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Sat, Dec. 11th, 2004, 08:34 am

I finished reading Mitch Albom's "The Five People You Meet in Heaven" and here are some thoughts and some quotes.

I thought this was a really sweet story about an elderly gentleman's trip to get to heaven by meeting five people who have affected his life.  It wasn't something along the lines, of the people who Eddie thought met the most to him, even though they did.  A lot of the people he met were people who just came into his life for a moment and then had to leave, or someone who did something in their life that eventually effected Eddie's life.  So the reason Eddie must meet the five people was to realize that all of our lives are greatly connected to one another and because of that no one is really ever alone.

The one point I didn't like was the fact that he had to forgive his father for being a bastard to him, for beating him and neglecting him, and then for the second half of Eddie's life, for ignoring him.  I'm not sure why this bothered me.  I didn't see why Eddie needed to forgive his bastard father to move onto Heaven.  It's god's place to do the forgiving.  I guess I'd just like to know that when I die and go to heaven, that that's it.  I go to heaven and get to spend eternity in my idea of paradise.  I don't want to have to do all this soul searching and forgiving those that have greatly wronged me, but I guess spite and hatred just do not belong in heaven so it's something Eddie along with everyone else must work through.

"No life is a waste.  The only time we waste is the time we spend thinking we are alone."

"Holding anger is a poison.  It eats you from inside.  We think that hating is a wepon that attacks the person who harmed us.  but hatred us a curved blade.  And the harm we do, we do to ourselves."

Mon, Dec. 20th, 2004 05:08 pm (UTC)

Last things first - I really enjoyed those two quotes, as well. They were the ones that stood out to me, too, and I thought they were valid and well-placed in the story.

In general, I thought this was a good book, though I must say I'm not likely to reread it, so I'm glad I got it from the library. I found it simplistic and sentimental, but a very easy and well-written read. I liked the concept of understanding our lives before we move on to help others understand theirs, and then eventually spend eternity where we want to be. I think that made sense (I imagine even immortal souls would stew over past mistakes and "I wonder what happened with this situation" if that weren't resolved first), and I enjoyed the "every life is intertwined" theme. However, I found the manifestations of these ideas to be executed in a trite fashion. The situations were cookie-cutter (you just *knew* he was going to have to face his father and the results of his actions in the war), but I suppose there is some justification in that all our lives contain old hackneyed patterns. I'll probably have to face the people I've wronged in the afterlife, too, and I doubt mine have been original experiences, either.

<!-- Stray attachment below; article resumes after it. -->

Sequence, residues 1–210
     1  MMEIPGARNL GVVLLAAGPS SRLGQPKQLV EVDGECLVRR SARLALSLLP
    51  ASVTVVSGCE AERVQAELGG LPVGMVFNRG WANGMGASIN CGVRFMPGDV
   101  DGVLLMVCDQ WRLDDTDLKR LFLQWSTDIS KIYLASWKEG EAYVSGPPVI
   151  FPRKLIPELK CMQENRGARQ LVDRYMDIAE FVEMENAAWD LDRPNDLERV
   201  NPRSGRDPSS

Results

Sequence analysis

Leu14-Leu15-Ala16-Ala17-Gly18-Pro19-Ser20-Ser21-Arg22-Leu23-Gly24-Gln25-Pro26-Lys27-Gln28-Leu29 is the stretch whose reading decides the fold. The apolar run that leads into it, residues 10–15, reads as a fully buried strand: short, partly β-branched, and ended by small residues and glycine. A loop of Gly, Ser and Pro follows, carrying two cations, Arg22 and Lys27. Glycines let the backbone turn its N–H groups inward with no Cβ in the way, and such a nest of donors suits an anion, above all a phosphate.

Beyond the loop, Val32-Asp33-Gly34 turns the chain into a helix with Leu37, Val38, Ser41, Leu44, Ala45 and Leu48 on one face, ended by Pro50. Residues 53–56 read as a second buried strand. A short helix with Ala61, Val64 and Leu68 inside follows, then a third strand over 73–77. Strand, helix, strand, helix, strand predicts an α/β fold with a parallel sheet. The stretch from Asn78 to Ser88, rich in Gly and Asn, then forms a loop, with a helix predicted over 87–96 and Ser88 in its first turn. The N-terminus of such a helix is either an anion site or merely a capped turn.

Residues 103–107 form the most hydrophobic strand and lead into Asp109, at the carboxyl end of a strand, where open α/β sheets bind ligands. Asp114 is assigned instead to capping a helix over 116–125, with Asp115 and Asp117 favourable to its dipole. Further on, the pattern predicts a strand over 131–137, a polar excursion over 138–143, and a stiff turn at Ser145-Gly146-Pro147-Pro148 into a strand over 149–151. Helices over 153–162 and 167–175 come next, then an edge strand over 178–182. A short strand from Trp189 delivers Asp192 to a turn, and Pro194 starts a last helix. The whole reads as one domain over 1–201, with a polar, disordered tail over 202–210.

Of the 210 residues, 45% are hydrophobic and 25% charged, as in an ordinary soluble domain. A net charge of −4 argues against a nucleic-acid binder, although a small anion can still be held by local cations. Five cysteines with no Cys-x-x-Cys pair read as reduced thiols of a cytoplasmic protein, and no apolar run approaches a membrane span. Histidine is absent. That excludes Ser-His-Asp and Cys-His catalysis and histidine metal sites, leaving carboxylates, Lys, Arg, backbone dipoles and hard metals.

Anyway, I enjoyed reading the book in general; perhaps I asked too much of a best-seller to be original. It was nice to be reassured by the author that even the most boring of lives have meaning. It's like he's giving us permission to be content with the everyday occurences that make up 90% of our lives, which I agree is an important point. The "good"ness of our lives is not in the one spectacular moment at the end where we saved a child's life, but in the little things that happen over the years that make us into the sort of person who would sacrifice our lives for that child in the end.

For some reason, though this was also a little staged, as it were, I particularly appreciated the scene in which Eddie bathes the little girl he killed in the burning shack during the war. Washing off her scars and pain, and in so doing, washing off his own, seemed like a nice way of handling that situation. It made me glad to think that part of heaven is helping others, even after we can no longer do so in the waking world.

I agree with Patrick that I like the idea of going to heaven and that being the end of it, with no hoops to jump through or meaning to find. But the author's point of providing closure on your life when you die is rather comforting to me, so I can enjoy the "heaven" part knowing that my time on Earth was well-spent. Of course, I'm not entirely sure I actually believe in heaven, but if there turns out to be one, I'm happy enough to spend the first part of my time there making peace with myself before I enjoy God's eternal peace.

Fri, Dec. 31st, 2004 05:59 pm (UTC)

I think you guys said it best. There's really nothing I can add.

Have you guys seen the movie special? It was pretty true to the book.

And quite similarly to a couple of other books that are unoriginal in most of their content, I did cry because I felt I could relate, or the things described are tragic. Albom has a way of writing that makes every piece of the story and every word and letter significant to the entire book, but you don't really notice it while you're reading. I really enjoyed the book. :)